Wall Street’s big investment firms and brokerage houses were behind the tectonic shift as a phenomenon known as block trading, pioneered by Goldman Sachs’ long-time trading department head Gus Levy, allowed institutional investors – hedge funds, mutual funds and other holders of large pools of capital –, to assert their dominance over the stock market, edging out a central feature of America’s traditional private enterprise system: the individual investor.
Unable to cope with an exponential increase in trading volume, the overwhelmed clerical staff of several brokerage and specialty trading firms led, in turn, to the bear market of 1969-1970 and opened the door for the introduction of electronic trading systems. The first of these to enter the market was AutEX, a computerized messaging system designed to connect sellers with brokers automatically, developed by WWII Army veteran, Alan F. Kay. By the end of 1969, a company called Institutional Networks Corporation released a direct investor-to-seller platform called Instinet, which eliminated brokers and commission fees altogether, and even the NYSE began testing its own proprietary system called the Block Automation System (BAS) early in 1970.
The relative complexity of block trading and other institutional investment practices like currency trading and capital allocation decisions were especially suited for algorithmic analysis methods, such as those developed in the 1940’s by the U.S. Air Force in Project SCOOP (Scientific Computation of Optimal Programs), which tackled the logistical problems of war-planning through linear programming applications. SCOOP’s research was immediately applied to the commodities markets in Chicago after its findings were presented at a conference organized by the Cowles Commission for Research in Economics.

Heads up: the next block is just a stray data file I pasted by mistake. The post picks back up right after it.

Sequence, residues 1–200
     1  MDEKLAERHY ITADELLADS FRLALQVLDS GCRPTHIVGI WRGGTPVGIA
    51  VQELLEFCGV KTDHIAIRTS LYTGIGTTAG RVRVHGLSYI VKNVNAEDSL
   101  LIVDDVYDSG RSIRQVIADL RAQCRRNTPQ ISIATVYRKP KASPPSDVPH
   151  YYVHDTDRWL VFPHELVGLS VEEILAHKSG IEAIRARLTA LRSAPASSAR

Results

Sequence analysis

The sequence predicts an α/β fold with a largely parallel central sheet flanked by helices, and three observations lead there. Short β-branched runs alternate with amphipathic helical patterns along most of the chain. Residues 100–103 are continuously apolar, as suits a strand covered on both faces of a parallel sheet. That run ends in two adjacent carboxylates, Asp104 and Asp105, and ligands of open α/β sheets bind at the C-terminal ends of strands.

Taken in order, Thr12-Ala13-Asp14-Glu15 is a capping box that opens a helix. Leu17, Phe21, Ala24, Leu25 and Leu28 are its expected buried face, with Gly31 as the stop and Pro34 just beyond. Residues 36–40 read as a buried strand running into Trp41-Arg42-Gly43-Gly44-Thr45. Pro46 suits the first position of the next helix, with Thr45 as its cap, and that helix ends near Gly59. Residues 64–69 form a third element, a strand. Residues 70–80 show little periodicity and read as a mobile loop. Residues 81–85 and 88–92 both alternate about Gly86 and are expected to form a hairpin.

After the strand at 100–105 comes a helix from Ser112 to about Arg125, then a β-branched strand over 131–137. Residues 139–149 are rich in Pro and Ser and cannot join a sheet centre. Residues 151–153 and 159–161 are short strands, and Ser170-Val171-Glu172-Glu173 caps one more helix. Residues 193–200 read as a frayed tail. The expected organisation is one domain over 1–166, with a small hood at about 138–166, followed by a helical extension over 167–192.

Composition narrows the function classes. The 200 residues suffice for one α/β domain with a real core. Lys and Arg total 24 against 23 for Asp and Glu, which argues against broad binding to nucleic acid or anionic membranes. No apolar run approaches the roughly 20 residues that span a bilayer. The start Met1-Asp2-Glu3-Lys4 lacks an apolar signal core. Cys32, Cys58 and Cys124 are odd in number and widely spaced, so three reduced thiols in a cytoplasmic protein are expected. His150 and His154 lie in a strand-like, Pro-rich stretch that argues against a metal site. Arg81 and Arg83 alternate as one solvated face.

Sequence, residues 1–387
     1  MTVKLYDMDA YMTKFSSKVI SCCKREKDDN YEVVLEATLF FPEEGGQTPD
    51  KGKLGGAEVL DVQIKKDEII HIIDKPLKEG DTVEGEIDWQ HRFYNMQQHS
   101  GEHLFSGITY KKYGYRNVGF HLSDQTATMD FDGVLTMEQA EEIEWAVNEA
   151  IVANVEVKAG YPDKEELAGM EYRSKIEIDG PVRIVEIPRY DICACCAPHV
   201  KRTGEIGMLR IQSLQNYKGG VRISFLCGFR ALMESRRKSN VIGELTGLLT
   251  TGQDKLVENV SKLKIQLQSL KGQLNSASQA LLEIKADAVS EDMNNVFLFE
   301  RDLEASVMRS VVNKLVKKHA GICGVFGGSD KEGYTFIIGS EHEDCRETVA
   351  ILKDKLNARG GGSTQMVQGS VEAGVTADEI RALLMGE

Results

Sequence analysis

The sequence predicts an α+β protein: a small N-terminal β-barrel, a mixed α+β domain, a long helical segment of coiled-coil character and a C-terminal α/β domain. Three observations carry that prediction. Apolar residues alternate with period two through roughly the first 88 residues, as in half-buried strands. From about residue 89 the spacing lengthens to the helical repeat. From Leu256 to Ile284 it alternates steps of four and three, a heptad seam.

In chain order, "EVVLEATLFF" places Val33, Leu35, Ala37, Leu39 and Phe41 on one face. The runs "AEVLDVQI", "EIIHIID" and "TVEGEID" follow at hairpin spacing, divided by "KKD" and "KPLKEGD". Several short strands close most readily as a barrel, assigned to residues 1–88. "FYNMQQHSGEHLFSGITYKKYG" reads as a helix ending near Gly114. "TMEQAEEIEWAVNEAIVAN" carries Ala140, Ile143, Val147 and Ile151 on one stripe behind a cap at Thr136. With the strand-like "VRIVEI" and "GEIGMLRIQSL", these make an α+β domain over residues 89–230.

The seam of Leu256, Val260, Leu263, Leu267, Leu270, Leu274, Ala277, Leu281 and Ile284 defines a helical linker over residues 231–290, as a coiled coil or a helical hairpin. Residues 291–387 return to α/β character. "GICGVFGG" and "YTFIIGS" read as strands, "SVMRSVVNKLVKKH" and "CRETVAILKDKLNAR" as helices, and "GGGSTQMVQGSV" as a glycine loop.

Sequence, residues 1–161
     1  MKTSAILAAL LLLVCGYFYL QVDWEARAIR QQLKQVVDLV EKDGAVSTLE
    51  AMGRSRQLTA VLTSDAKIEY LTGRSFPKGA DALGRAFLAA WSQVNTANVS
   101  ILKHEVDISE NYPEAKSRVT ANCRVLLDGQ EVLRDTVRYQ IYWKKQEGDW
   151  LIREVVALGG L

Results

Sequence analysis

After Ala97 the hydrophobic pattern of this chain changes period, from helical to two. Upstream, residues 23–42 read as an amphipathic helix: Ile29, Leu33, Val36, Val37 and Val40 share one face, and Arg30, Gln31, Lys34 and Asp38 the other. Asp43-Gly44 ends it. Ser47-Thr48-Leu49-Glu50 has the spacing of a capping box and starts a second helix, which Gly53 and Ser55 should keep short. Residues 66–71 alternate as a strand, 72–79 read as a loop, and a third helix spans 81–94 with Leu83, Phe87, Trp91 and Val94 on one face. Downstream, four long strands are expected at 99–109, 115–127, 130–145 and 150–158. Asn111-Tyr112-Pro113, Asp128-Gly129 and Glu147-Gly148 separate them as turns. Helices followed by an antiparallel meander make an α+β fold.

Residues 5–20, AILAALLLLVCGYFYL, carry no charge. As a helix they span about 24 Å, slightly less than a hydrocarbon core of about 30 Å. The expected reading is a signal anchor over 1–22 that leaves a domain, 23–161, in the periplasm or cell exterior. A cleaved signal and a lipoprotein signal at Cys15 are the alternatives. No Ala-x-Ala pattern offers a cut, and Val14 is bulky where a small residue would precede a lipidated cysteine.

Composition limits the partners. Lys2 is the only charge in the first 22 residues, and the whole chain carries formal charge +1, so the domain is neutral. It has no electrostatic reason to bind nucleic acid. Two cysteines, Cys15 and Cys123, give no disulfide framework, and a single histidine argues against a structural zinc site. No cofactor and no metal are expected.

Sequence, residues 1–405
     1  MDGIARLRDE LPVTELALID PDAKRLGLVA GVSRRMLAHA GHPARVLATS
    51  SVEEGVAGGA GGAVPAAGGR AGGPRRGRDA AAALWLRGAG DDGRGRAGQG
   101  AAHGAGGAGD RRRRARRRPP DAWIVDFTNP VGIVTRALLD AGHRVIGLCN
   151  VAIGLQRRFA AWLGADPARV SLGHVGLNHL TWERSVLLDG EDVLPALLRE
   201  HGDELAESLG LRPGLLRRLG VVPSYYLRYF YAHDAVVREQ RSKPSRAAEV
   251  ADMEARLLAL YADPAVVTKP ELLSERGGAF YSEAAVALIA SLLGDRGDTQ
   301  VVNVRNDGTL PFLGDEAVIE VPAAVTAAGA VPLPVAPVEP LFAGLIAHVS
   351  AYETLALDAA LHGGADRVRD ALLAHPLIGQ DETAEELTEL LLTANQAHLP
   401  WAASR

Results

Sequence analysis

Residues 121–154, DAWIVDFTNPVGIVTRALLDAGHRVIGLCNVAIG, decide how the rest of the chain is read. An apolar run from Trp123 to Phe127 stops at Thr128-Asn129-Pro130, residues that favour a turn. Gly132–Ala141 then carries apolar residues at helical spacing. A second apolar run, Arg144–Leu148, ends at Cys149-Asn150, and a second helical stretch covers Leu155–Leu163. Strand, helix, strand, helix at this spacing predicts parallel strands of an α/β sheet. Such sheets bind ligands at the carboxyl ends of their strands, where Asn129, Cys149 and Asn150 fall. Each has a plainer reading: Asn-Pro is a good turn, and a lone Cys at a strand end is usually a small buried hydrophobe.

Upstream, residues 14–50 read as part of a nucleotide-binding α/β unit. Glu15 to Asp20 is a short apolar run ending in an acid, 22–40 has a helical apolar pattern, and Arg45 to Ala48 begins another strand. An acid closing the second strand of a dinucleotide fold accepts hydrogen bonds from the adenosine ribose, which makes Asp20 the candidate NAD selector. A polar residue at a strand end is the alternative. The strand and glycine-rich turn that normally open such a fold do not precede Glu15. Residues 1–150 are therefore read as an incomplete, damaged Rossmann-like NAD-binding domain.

One of Instinet’s early backers, Bill Lupien, took advantage of the back-office computer upgrades at the Pacific Stock Exchange (PSE) in California, to design the world’s first automated exchange system (SCOREX) with a team of programmers in 1969 and executed the first electronic trade – an Occidental Petroleum stock – in history. The ambitious Chicago native got a visit from Gus Levy himself, who flew all the way from New York to try and stop the exchange from using the algorithmically-driven trade system.
SCOREX’s instantaneous trade execution capabilities were a real threat to the New York financial establishment, who were still trying to preserve the carefully constructed social pecking order of the investment world. But, the writing was on the wall and Levy had to back down after Lupien reached out to California’s Corporations Commissioner, an old friend and partner at the law firm run by Warren Buffet’s right-hand man, Charlie Munger, who shot back at the Goldman Sachs legend with the prospect of a sure-fire antitrust lawsuit.